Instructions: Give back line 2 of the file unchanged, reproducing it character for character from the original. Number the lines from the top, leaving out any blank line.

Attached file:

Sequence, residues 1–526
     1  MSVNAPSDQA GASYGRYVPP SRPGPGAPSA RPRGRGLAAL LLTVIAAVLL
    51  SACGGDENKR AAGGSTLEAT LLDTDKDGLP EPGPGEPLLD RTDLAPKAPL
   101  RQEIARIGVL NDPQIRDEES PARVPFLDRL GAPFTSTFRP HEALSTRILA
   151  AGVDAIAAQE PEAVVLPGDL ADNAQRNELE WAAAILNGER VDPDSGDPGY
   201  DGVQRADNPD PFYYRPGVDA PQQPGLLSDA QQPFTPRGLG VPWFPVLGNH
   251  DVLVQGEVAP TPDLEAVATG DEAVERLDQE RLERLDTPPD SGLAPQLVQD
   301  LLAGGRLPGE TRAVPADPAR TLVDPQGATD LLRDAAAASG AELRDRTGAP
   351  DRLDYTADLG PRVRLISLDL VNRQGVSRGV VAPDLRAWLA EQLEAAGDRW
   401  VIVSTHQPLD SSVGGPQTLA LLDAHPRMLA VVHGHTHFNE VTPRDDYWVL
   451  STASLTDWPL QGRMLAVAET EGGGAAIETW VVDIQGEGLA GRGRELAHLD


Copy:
     1  MSVNAPSDQA GASYGRYVPP SRPGPGAPSA RPRGRGLAAL LLTVIAAVLL